• If you take sugar in tea or coffee try cutting down, or replace sugar with an artificial sweetner.
  • Go easy on soft drinks, salad dressings and rich sauces. They contain a surprising amount of calories. Look for “diet” versions.
  • Drink alcohol in moderation. It is also quite calorific and stimulates your appetite.
  • Have fewer fry-ups. Grill food instead.
A fatty food like butter or margarine has ten times as many calories as a starchy food like potatoes.

How to avoid putting on weight.

You put on weight when you take in more energy than you use up. The extra energy in food ends up as fat. There are two ways in which you can control your weight – change what you eat so that you don’t take in so much energy or use up more energy by exercising. It’s probably best to do a bit of both. If you burn more energy than you eat – you will lose weight.

Snacking and Nibbling

You may find you want to eat all the time when you first give up smoking. Don’t panic! This urge will settle down after a few weeks. But you may wonder whether it is a good idea at first to eat snacks or nibbles instead of smoking. Some people find that in the long run, it is best to eat nothing in place of smoking, so that eating between meals doesn’t become a habit. Other people find that it helps. You will have to decide which is easiest for you.

Snacking or nibbling isn’t necessarily a bad thing if you don’t end up eating more calories as a result. Some people prefer to eat snacks between meals and less at mealtimes.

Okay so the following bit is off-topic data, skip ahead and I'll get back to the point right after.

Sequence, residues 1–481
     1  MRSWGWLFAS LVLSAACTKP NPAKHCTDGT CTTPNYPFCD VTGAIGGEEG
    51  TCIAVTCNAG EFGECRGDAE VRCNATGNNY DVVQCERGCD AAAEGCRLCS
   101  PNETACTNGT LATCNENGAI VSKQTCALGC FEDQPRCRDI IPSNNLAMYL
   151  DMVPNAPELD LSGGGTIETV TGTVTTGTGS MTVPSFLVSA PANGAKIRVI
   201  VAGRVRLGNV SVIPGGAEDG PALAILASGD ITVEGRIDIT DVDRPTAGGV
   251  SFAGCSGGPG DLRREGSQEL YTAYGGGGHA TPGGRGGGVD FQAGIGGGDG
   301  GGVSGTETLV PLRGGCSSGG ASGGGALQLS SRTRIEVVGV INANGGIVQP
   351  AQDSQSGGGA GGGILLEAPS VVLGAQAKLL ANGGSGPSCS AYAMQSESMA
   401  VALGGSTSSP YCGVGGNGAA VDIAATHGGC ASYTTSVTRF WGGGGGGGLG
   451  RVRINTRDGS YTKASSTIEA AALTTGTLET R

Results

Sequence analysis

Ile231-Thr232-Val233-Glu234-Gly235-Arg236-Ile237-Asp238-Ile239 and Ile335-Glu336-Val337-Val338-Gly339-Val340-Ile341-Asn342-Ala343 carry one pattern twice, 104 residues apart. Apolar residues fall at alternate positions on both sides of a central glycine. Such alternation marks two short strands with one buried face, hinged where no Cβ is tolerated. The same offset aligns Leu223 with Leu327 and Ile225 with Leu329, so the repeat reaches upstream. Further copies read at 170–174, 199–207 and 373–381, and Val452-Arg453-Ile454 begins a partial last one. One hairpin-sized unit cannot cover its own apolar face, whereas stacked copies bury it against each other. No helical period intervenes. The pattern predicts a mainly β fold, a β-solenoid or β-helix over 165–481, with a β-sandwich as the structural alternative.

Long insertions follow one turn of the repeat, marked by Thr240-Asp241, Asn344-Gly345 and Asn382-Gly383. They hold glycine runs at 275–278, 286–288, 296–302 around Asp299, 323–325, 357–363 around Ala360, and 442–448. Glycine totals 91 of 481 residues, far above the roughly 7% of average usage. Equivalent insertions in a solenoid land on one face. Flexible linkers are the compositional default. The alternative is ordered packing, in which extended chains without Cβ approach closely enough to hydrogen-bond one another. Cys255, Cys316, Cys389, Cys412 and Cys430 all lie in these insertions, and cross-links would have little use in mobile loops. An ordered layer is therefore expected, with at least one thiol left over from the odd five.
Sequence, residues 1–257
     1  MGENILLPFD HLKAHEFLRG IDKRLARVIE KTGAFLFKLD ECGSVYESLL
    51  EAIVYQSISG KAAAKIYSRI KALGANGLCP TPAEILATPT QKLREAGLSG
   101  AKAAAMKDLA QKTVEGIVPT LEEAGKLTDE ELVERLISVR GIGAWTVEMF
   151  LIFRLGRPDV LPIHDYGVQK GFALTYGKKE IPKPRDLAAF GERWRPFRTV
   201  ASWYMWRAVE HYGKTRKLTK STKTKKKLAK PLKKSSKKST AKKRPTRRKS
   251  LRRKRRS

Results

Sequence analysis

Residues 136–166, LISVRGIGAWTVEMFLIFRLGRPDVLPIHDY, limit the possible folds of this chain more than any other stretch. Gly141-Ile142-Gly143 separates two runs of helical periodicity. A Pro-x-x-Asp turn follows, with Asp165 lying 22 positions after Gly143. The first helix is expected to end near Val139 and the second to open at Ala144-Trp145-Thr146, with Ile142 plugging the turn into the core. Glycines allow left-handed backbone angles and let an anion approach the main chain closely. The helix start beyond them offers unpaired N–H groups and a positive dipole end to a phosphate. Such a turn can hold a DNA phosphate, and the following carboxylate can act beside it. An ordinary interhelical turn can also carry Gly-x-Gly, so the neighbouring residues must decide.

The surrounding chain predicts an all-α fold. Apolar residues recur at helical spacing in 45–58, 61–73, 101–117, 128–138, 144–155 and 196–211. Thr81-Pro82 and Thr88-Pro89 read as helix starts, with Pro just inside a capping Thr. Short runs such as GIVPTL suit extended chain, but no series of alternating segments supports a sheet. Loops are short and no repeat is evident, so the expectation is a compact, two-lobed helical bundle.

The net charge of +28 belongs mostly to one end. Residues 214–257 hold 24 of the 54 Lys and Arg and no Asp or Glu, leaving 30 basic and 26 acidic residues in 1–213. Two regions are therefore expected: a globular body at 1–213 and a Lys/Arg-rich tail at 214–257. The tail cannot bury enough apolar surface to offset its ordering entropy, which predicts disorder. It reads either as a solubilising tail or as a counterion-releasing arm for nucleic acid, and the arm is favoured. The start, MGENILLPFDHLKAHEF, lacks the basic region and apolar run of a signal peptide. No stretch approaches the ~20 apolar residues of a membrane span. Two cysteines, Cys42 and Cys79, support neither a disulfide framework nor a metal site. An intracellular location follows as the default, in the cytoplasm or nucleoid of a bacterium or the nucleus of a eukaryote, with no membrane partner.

Ideas for snacks

  • Two portions of any fruit.
  • Natural yoghurt with fresh fruit, or “low fat” yoghurt.
  • A cereal bar (but check the calories).
  • Wholemeal bread, toast or crispbread sandwich.
  • Bowl of wholegrain cereal with semi-skimmed milk.
  • Low calorie sandwich fillings. Cottage cheese and pineapple, banana, marmite and lettuce, a slice of lean meat or grated low fat cheese and tomato.

Ideas for Nibbles

If you continue to eat normally at meals and nibble all day, then you will be in trouble. Drink plenty and try to avoid high calorie temptations like biscuits, crisps, chocolate and sweets.


  • Fruit
  • Sugar free chewing gum or pastilles
  • Tea and coffee with skimmed milk
  • Raw vegetables, e.g. carrots, celery, red and green peppers.
  • Low calorie canned drinks and squash and mineral water.

Some more dependent smokers may avoid or reduce weight gain when stopping by using nicotine replacement products but ask for advice first from our doctor or pharmacist.

What about exercise?

Most people would benefit by becoming more active. This could mean taking up a sport, or it could mean just walking more, or cycling. Whatever the exercise is, it burns up calories.

Here are some ideas

  • Use the stairs rather than lifts or escalators.
  • Walk instead of taking the bus or car on short journeys.
  • Use a bicycle.
  • Housework and gardening can be good exercise.
  • Some keep fit exercises can be done at home or with others.
  • Join in with your children’s energetic games.

To benefit most from exercise you need to do it regularly. Choose something which can become part of your routine. Build up gradually. It is better to do a little exercise regularly than over do it and give up! Don’t attempt competitive games like squash until you are quite fit, otherwise you could do more harm than good. If you have a medical condition it is wise to see your doctor before doing anything strenuous. With the money you are saving from not smoking you could go swimming, buy a keep fit video or even get an exercise bike.

Climbing stairs for 5 minutes
Walking briskly for 10 minutes
Cycling steadily for 22 minutes
Washing dishes for 30 minutes

If you want to find out more about quitting, where to find a stop smoking group or just need a friendly and supportive ear to listen, then call the smokers’ QUITLINE on 0800 00 22 00. Please feel free to call us as often as you like.